Next, we'll learn about the island itself and how its settlers adapted to it.
Settling Easter Island
Easter Island is a very small parcel of land and one of the most remote places in the world. Chile is the closest neighboring country, but at nearly 2,299 miles (3,700 kilometers) away, it's not exactly a next-door neighbor. Easter Island is only 64 square miles (165.76 square kilometers) and is shaped like a triangle [source: Mysterious Places]. Like many Oceanic islands, Easter Island was created from volcanic eruptions. In fact, its largest volcano, Rano Kau, can be seen from space.
The island's blue waters and white sandy beaches may seem idyllic, but don't bank on honeymooning there just yet -- more prominent landforms range from massive, jagged cliffs to dark caves and volcanic craters.
Based on soil samples and dating methods, scientists suspect that the island was once a green paradise with as many as 16 million palm trees [source: Fischer]. Millions of years before the Polynesians arrived, life on the island was scarce. The surrounding ocean waters are low in nutrients, so no coral reefs or many fish could be sustained there. Inland, there were only insects, mollusks and lizards. Seabirds were the island's liveliest visitors, perhaps even depositing seeds that grew into the dense palm forest.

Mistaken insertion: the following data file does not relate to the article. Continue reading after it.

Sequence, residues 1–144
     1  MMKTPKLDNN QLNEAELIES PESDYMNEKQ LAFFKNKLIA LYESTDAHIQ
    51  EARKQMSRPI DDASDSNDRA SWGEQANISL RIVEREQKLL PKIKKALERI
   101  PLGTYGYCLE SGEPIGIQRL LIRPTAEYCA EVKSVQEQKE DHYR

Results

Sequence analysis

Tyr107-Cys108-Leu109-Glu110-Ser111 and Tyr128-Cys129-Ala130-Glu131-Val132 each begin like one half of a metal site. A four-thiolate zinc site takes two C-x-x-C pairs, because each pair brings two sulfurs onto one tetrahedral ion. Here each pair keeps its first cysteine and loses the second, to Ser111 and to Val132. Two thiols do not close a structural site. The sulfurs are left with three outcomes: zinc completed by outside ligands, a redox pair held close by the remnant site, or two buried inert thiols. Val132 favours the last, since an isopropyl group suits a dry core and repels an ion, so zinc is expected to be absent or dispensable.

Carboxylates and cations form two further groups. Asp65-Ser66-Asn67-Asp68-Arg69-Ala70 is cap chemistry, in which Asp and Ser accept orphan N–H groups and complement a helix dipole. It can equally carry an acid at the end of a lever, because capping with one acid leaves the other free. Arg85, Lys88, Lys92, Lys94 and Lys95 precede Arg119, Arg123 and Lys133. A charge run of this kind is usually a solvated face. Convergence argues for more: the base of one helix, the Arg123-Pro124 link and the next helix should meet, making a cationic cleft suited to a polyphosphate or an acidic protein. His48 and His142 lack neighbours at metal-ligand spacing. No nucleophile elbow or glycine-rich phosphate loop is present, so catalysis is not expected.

The Polynesians introduced new flora and fauna. On their voyage, they brought provisions like bananas, sweet potatoes and taro (a leafy vegetable), which they planted on the island. They also brought a few chickens and learned to deep-sea fish for porpoises and dolphins that swam nearby, but their diet was primarily vegetarian.
Like their canoes, the Rapanui built their huts in an elliptical shape. The Rapanui kept busy by adjusting to life on the island and expanding their population. While we can't be sure how many islanders came over on the voyage to the island from Polynesia, we're certain that the population expanded rapidly. By 1150 A.D., there were 7,000 to 9,000 Rapanui living on Easter Island. Some scholars suggest that early Rapanui inbred, which contributed to a sharp population increase as well as some anatomical anomalies among the islanders: It wasn't uncommon for a Rapanui to have six toes on each foot [source: Island Heritage].